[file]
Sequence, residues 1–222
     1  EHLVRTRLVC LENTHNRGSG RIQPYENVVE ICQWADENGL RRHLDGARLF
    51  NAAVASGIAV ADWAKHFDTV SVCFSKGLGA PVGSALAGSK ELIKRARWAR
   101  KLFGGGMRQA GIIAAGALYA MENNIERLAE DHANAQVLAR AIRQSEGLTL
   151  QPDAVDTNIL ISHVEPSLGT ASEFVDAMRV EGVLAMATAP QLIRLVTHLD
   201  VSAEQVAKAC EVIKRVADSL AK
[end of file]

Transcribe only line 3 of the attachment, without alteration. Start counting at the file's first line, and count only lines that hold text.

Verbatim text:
    51  NAAVASGIAV ADWAKHFDTV SVCFSKGLGA PVGSALAGSK ELIKRARWAR